TPG2022 Chapter II Annex II example 12

« | »

59. Company A, resident in Country A, Company B, resident in Country B, and Company C, resident in Country C, are members of an MNE group. Companies A and B undertake the design and manufacturing of products and their activities in this regard are highly integrated. Additionally, Company A and Company B are responsible for the marketing and distribution of the products to unrelated customers in Country A and in Country B, respectively. Company C is responsible for the benchmarkable marketing and distribution of products purchased from Company A and Company B to unrelated customers in Country C.
60. Company A and Company B enter into an agreement to buy and sell pieces, moulds and components to manufacture the different models of the products. These transactions may also relate to semi-finished products to effectively meet customers’ demands in a timely fashion. As a result of their broad experience in the sector, Company A and Company B have each developed unique and valuable know-how and other intangibles in their respective design and manufacturing processes. In contrast, the accurate delineation of the transaction shows that Company C does not make any unique and valuable contribution. Instead, Company C performs benchmarkable marketing and distribution functions.
61. Design and manufacturing are identified as the key value drivers for the MNE group and the functional analysis shows the economically significant risks are the strategic and operational risks relating to the design and manufacturing functions. Company A and Company B are engaged in a complex web of intragroup transactions where the performance of each company heavily depends on the capacity of the other to provide the different components and other inputs. The manufacturing and design activities of Company A and Company B are highly interdependent and the entities both perform relevant control functions in relation to the economically significant risks. In accordance with the risk analysis framework described in Section D.1.2.1 of Chapter I of these Guidelines, it is determined that Company A and Company B share the assumption of the risks relating to design and manufacturing. Both Companies A and B make unique and valuable contributions to the manufacturing and design processes.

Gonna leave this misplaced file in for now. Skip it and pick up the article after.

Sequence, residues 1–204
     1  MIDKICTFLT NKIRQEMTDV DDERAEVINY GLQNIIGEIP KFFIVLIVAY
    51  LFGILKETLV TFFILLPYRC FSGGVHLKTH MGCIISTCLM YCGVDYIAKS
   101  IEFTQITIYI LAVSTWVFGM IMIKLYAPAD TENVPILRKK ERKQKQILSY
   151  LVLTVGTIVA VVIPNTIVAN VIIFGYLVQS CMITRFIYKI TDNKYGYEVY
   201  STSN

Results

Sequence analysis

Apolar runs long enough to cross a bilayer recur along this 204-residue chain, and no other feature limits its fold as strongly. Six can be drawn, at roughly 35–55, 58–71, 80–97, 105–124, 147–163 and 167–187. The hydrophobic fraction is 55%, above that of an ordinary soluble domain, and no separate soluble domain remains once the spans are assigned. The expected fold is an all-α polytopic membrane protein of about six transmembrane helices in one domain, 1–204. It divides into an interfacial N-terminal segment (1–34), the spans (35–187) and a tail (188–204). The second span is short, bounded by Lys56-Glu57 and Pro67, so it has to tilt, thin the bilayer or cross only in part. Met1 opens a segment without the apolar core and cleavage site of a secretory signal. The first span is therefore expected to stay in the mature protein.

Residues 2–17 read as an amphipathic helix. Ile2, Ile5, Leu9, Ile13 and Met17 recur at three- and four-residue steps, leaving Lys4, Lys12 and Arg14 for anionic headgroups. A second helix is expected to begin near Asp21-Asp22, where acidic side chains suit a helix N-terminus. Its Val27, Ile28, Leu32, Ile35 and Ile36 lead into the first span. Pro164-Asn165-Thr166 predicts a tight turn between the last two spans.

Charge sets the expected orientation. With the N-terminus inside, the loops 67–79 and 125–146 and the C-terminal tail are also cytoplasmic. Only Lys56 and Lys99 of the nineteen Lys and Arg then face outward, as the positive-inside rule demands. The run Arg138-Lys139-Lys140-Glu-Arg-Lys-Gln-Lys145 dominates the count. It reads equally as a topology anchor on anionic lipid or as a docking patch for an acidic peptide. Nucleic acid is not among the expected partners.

62. Under these circumstances, the transactional profit split method is likely to be the most appropriate method for determining the compensation for Companies A and B in relation to their intra-group transactions. However, a one-sided transfer pricing method such as a resale price method or a TNMM is likely to be the most appropriate to determine an arm’s length return for Company C.
63. In applying the transactional profit split method, the sales of products in Countries A, B and C should be taken into account in determining the relevant profits to be split. In the case of Country C, this will be calculated by reference to the sales revenue of Company C, less the arm’s length return to Company C (as established above) for its contributions.
64. Under a residual approach to the transactional profit split method, the first step of the process would be to determine an arm’s length return for the less complex, benchmarkable contributions of each of the parties (i.e. Companies A and B). These amounts are then deducted from the pool of relevant profits to identify the residual profits to be split. Under the second step of the residual analysis, the residual profits would then be split between Company A and Company B on the basis of their relative contributions to those residual profits.

Related Guidelines